1917 - Squadron of minesweepers departs U.S. for service off France 1944 - USS Stingray (SS-186) lands men and supplies on Luzon, Philippines to support guerilla operations against the Japanese. 1945 - Pacific Fleet ships enter Sagami Bay, near Tokyo, Japan. 1959 - Off Cape Canaveral, FL, USS Observation Island (EAG-154) makes first shipboard launching of a Polaris missile. (Source: Navy News Service)

Today in U.S. Naval History: August 27

USS Observation Island (E-AG-154). U.S. Navy photo

Today in U.S. Naval History - August 27 1917 - Squadron of minesweepers departs U.S. for service off France 1944 - USS Stingray (SS-186) lands men and supplies on Luzon, Philippines to support guerilla operations against the Japanese. 1945 - Pacific Fleet ships enter Sagami Bay, near Tokyo, Japan. 1959 - Off Cape Canaveral, Fla., USS Observation Island (EAG-154) makes first shipboard launching of a Polaris missile. For more information about naval history, visit the Naval History and Heritage Command website at history.navy.mil.

Commission Takes France and Ireland to Court of Justice

The Commission decided to bring an action in the Court of Justice against France and Ireland for their failure to enforce legislation on the State control of vessels in their ports. Directive 95/21/EC on port State control aims in fact to reduce the number of substandard ships in Community waters and lays down that at least 25 percent of the number of ships entering the ports of a Member State should be inspected. The Commission is asking the Court of Justice to declare that, in not observing this annual threshold of 25 percent of ships inspected by the port State, as provided for in the Community legislation, Ireland and France have infringed European maritime safety rules.

Diana Shipping Enters into TC Contract with Uniper

Photo: Diana Shipping Inc.

Diana Shipping has announced that, through a separate wholly-owned subsidiary, it has entered into a time charter contract with Uniper Global Commodities SE, Düsseldorf, for one of its Post-Panamax dry bulk vessels, the m/v Phaidra. The gross charter rate is US$12,700 per day, minus a 5% commission paid to third parties, for a period of minimum 12 months to maximum 15 months. The charter commenced on January 13, 2018. The m/v Phaidra was previously chartered to Jera Trading Singapore Pte. Ltd.

Sri Lanka Declared War Risk Zone, Shipowners to Pay

Sri Lanka said Lloyds of London has declared the country as a war-risk zone which could result in hefty surcharges for ships entering the country's main port and hurt the trade-dependent economy. Surcharges of up to $150,000 could be slapped on larger ships entering Colombo port along with further charges for the amount of cargo carried. "Reinsurers in London have imposed a surcharge on insurance which we feel is completely unreasonable," Minister of Ports Ronnie de Mel said. The move comes after a massive attack at country's only international airport on July 24 by a suicide squad of Tamil Tiger guerrillas, who also launched a less destructive raid on the Colombo port in 1996.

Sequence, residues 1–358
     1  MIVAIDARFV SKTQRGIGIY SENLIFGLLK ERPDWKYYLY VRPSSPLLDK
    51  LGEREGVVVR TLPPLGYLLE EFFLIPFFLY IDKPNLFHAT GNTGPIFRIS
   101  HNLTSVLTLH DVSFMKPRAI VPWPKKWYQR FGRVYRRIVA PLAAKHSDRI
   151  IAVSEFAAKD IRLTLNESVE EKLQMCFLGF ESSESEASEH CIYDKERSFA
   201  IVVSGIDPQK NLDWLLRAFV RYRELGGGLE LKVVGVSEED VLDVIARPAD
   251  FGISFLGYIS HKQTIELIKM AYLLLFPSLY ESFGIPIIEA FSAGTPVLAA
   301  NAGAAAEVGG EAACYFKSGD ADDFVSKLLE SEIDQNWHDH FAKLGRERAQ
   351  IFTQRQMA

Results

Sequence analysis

Marine Diesel Oil Price-Spike Expected End of 2014

File picture CCL

Reuters – New fuel rules for ships entering low sulphur zones around northwest Europe and North America next year could trigger a price spike in European gasoil, whilst refiners will struggle to offload unwanted fuel oil. From January 2015, ships entering "Emission Control Areas" (ECAs) in the Baltic, North Sea and English Channel and around the North American coast, will have to switch from low sulphur fuel oil (LSFO) with 1 percent sulphur content to 0.1 percent gasoil, in a crackdown on marine pollution.

EU Bans on TBT Anti-Fouling Systems on EU Ships

On May 9, the final version of EC Regulation 782/2003 on the prohibition of organotin compounds on ships was published in the European Official Journal. It entered into force the following day. This Regulation bans the fresh application of TBT antifouling paints on EU-flagged vessels from July 1, 2003 and forbids the existence of TBT on all ships entering a port or offshore terminal of an EU Member State from January 1, 2008. At the international level, the IMO Convention of October 5, 2001 on the control of harmful antifouling systems on ships (AFS Convention) will regulate tin based coatings. It initially proposed to ban the application of TBT anti-fouling paints from January 1, 2003 and the existence of it from January 1, 2008.

Ruling on Border Inspections

The U.S. Supreme Court ruled that the Executive Branch has plenary authority to conduct suspicionless inspections at the border. In the instant case, Customs officials removed and disassembled the gas tank from a car entering the United States from Mexico at a land border crossing. Marijuana was found in the gas tank and criminal charges were brought against the driver. Defendant argued that the evidence should be suppressed because the search was highly intrusive and was not based on reasonable suspicion that he was committing an offense. The Court held that the Government’s interest in preventing entry of unwanted persons and effects is at its zenith at the international border. There is a lesser expectation of privacy at the border than in the interior.